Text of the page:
Our hope is to be allowed to use unpainted oak for the exterior - this reduces future maintenance costs and will gradually weather to match the grey stonework of the house.

Wednesday, 14 December 2011

Look away now...

The point at which a structure is completely stripped back to the essentials prior to restoration can have two effects on the way you feel about it.  On the one hand is the excitement of seeing the building in its raw state, full of potential and promise, one the other is the rising panic that comes from the realisation that every single square centimetre, inside and out, needs attention.
To be fair, we did feel the former during our first visit to the house last weekend - subsequent visits, in poor light and freezing weather tended to encourage the latter.

The clearance of dry-lining and stud walling has thrown up a few unsuspected problems with the building - none of them major, but all needing to be budgeted for.  The ceiling to the ground floor we had hoped would consist of decent old beams - behind the plywood cladding, however, the beams are badly degraded, and will never look good, even if they prove structurally sound.  Given that a third of the ceiling has been replaced with modern joists at some point in the past fifteen years, we are looking to replace this floor entirely - probably using oak beams with new oak floorboards over.

The simple, modest panelling that has been revealed in places hangs on to scraps of old wallpaper - faded and decaying, these scraps are layered over each other, and it is interesting to speculate on their age - the patterns suggest nineteenth century origin.  Elsewhere, plaster has crumbled, stonework has become loose as the lime mortar decays and the shadows of water staining and fungal growth decorate the flaking paint.  There's the picturesque decay of, say, Venice, and there's out-and-out decrepitude: I think we are dealing with the latter here...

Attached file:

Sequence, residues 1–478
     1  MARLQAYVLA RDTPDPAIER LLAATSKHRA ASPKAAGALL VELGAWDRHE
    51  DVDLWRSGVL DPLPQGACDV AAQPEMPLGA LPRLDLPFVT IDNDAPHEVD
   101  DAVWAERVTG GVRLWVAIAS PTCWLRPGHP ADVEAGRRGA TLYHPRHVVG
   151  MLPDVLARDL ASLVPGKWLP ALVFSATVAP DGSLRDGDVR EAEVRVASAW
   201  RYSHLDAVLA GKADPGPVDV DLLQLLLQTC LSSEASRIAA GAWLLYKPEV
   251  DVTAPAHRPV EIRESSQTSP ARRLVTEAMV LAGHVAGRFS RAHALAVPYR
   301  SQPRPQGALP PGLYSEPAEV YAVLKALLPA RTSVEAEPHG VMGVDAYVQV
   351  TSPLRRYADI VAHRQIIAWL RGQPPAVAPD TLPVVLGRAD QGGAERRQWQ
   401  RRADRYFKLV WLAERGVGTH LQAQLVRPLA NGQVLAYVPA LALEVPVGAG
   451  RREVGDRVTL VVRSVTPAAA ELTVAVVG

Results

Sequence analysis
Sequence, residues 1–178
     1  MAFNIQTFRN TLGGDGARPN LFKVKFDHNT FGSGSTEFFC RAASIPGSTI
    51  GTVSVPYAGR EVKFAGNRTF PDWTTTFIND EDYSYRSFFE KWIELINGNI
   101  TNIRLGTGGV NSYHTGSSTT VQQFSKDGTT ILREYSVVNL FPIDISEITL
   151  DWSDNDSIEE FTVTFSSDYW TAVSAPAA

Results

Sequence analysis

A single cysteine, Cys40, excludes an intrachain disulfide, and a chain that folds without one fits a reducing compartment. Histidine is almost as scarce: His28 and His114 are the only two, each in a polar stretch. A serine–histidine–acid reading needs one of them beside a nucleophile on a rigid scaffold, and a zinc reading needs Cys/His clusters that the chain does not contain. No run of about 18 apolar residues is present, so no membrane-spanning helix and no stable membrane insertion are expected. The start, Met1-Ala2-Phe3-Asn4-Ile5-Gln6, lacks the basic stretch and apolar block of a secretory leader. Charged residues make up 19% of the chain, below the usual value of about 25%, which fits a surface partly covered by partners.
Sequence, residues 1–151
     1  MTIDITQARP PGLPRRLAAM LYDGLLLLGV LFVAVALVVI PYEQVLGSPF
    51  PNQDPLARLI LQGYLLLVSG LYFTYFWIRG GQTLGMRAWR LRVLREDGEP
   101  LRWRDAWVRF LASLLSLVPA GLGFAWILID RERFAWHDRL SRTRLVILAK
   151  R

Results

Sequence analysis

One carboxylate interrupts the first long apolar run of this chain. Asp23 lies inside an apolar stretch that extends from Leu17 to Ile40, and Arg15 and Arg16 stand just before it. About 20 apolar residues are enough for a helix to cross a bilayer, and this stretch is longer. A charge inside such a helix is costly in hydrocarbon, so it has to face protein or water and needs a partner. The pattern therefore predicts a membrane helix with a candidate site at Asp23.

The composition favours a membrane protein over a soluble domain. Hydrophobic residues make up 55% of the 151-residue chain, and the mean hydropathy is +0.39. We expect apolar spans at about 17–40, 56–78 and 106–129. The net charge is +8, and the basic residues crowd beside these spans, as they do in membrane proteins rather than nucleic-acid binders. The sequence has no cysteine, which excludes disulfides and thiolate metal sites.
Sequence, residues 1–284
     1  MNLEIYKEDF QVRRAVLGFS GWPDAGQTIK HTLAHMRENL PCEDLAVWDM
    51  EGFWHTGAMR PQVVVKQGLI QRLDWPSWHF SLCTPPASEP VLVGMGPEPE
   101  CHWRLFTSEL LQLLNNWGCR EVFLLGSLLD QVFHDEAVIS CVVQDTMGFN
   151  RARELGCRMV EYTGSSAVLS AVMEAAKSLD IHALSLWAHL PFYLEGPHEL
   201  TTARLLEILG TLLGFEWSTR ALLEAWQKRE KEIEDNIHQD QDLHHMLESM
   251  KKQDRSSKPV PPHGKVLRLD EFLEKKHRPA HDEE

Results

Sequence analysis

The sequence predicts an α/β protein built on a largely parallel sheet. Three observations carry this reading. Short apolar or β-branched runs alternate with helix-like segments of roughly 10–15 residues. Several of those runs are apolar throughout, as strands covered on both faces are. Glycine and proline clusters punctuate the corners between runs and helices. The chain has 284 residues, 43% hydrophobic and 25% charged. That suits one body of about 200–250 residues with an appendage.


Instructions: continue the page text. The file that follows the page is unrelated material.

With final decisions on the layout and materials and finishes to be made over Christmas, we are looking forward to our next visit to inspect the house once the wood has been cleaned and the worst problems solved.  The trick, as always, is to restore the building while retaining its charm and unique atmosphere.


Tuesday, 6 December 2011

Current thinking...

With everything to consider, there are dozens of decisions to be made when renovating a building in its entirety.
Our builder, Matthew Tucker, has had the house stripped out completely - all the accretions of dry-lining, unnecessary cheap joinery and defunct copper piping have been removed and the house is a shell. 
The clearance has thrown up some interesting developments - it is apparent that there has been a fire in the house at some point, and the plywood cladding to the ceiling on the ground floor which we hoped was covering ancient timbers was in fact just hiding some modern softwood joists.  There will be an extra expense involved here if we are to restore the ceiling to its original state.
We already knew that the timbers had insect infestation, but apparently there is one roof timber which is in need of replacing - the others are structurally sound and will respond to wood treatment, so there is relatively little to worry about there.
In the interval since our last visit we have been drawing up plans for the kitchen and bathroom layouts, and beginning to think about issues such as lighting - this last needs consideration surprisingly early in a project if you are going to end up with sockets for lamps and light switches in the right places.

There will be more about the finishes such as flooring and exterior paving in the future, and we will be collating ideas for the interior styling of the house in the spring - hopefully by then the reconstruction will be well underway!  In the meantime I hope you like these first views of the computer model...